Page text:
Tuesday, October 02, 2007

Ultimate Rovian Irony

When Karl Rove helped his public face, George W. Bush, take office in 2000, it was all part of a plan to establish the Republican Supremacy. The goal was to build a foundation that could not be beaten. The ultimate irony is that the policies and practices of this administration has led to what may be the dismantling of the Republican Party as we know it. It may survive in name but it's fundamental character will inevitably be changed.

The reasons for failure go deep, but the strategy was fundamentally flawed as it depended on keeping two constituencies happy that had little to do with each other. One is the so-callled religious right. Based on the moral precepts of fundamentalist Christianity, this movement puts a high priority on what they consider to be family values: abortion is a sin, homosexuality is a sin, etc. The other group was the business conservatives that historically have been the bulwark of the Republican Party and the source of much of it's funding. Sometimes carried to excess as in the administration of Calvin Collidge, at times very successful as in the New York of Nelson Rockefeller, this is the wing of the Republican Party that was it's most common presence in the Senate.

Now, both of these wings appear to be looking for something else. Writing in today's Wall Street Journal, Jackie Chalmes argues that the "GOP Is Losing Grip On Core Business Vote".
New evidence suggests a potentially historic shift in the Republican Party's identity -- what strategists call its "brand." The votes of many disgruntled fiscal conservatives and other lapsed Republicans are now up for grabs, which could alter U.S. politics in the 2008 elections and beyond.
This has a unique resonance for California, where this split is very evident.
California Gov. Arnold Schwarzenegger has lost some Republican Party support because of his socially liberal stands and his proposals on global warming and universal health care. But those stands have made him more popular generally in the state, while his party is less so. Last month, at the state Republicans' convention, he sounded an alarm. Noting that California Republicans have lost 370,000 registered voters since 2005, the former actor said, "We are dying at the box office." The voters that Republicans need, Mr. Schwarzenegger argued, "often hold conservative views on fiscal policy and law-and-order issues, while taking more liberal stands on social and environmental issues."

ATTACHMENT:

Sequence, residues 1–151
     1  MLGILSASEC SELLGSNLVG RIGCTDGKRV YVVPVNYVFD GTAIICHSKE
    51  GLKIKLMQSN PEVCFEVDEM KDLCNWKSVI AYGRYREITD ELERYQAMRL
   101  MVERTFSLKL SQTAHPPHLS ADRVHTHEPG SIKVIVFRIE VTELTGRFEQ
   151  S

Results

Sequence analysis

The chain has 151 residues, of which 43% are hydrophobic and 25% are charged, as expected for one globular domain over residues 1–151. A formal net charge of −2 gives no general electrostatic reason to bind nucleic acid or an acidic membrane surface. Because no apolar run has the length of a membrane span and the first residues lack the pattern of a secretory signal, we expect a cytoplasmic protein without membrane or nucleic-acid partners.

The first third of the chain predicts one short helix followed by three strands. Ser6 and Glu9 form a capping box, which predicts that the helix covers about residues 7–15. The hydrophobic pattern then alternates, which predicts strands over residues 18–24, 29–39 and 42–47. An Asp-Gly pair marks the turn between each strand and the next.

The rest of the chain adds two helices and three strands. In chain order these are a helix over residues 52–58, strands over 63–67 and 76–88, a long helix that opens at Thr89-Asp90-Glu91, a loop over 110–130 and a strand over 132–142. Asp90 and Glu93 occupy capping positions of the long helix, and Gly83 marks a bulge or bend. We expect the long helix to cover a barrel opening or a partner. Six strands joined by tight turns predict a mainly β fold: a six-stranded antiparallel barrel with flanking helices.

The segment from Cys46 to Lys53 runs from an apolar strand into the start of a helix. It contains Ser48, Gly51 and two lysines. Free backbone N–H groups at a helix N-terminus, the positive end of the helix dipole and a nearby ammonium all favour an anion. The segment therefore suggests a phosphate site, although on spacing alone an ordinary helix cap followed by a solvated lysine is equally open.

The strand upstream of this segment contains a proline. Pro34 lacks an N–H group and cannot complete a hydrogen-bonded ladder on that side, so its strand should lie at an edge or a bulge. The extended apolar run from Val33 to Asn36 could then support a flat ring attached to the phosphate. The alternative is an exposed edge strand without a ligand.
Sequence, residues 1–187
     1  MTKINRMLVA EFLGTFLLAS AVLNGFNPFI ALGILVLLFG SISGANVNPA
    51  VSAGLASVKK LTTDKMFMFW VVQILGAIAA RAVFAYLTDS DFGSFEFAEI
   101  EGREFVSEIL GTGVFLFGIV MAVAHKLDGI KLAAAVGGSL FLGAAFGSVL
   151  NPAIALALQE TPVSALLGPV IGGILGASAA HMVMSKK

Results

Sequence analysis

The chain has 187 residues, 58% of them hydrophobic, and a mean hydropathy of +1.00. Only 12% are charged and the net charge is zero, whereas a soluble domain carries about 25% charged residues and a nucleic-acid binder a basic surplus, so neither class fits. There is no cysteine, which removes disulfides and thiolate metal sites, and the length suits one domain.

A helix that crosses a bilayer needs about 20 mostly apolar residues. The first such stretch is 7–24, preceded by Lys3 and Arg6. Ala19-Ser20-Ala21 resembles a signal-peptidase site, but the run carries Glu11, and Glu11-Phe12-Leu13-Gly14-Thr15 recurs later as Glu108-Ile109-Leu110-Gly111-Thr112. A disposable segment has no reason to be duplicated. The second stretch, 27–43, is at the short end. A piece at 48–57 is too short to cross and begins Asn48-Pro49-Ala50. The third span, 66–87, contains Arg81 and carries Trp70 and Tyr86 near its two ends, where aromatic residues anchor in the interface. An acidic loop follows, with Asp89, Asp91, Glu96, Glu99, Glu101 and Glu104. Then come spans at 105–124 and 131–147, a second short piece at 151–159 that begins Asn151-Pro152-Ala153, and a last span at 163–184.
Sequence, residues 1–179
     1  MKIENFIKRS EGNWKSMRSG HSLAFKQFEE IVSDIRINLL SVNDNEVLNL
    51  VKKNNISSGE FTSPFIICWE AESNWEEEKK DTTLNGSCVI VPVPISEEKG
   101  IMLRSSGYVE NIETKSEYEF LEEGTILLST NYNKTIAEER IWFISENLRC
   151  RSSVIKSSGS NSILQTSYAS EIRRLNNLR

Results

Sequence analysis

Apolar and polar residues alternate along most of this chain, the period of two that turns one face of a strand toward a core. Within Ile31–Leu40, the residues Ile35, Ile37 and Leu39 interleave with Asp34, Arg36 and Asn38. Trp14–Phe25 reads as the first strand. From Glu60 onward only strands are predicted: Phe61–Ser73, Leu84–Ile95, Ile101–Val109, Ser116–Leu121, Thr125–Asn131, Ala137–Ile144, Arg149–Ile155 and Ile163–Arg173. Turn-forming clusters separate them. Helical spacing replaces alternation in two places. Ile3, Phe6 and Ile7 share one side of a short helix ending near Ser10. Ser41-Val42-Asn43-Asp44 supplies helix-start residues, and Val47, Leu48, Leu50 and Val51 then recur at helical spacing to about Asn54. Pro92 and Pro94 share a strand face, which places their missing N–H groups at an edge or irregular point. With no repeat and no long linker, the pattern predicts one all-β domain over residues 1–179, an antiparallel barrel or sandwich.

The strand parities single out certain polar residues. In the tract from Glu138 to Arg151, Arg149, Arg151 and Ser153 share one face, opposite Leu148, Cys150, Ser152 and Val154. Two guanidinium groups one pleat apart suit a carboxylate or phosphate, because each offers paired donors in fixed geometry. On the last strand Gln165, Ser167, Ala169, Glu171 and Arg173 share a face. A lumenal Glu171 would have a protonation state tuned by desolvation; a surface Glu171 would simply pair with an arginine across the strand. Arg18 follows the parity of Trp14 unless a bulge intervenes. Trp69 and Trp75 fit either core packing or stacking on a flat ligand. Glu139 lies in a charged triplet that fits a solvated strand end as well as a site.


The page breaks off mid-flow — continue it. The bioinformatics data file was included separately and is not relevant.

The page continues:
At the same time, the Religious Right is trying to make it's presence even more forceful in the Republican Presidential Race. Writing in Salon, Michael Scherer reports that
"A powerful group of conservative Christian leaders decided Saturday at a private meeting in Salt Lake City to consider supporting a third-party candidate for president if a pro-choice nominee like Rudy Giuliani wins the Republican nomination."
The combination of these two recent stories suggests that we are seeing the beginning of a long period of one party rule, just as Rove desired, except that the one party will be the Democrats.

As this plays out, there is both an opportunity for the Green Party and also a danger. The opportunity is in the potential to grow this party by attracting Republicans who care about the environment, who would like to see small local businesses prosper, who understand that social justice is not available to any if it is not available to all. The danger is that the Green Party chooses to ignore some of it's core values and to position itself so far to the left of the Democrats that we confine ourselves to a perpetual fringe status, a noise factor to remind everyone of just how sensible the corporate Democrats are.

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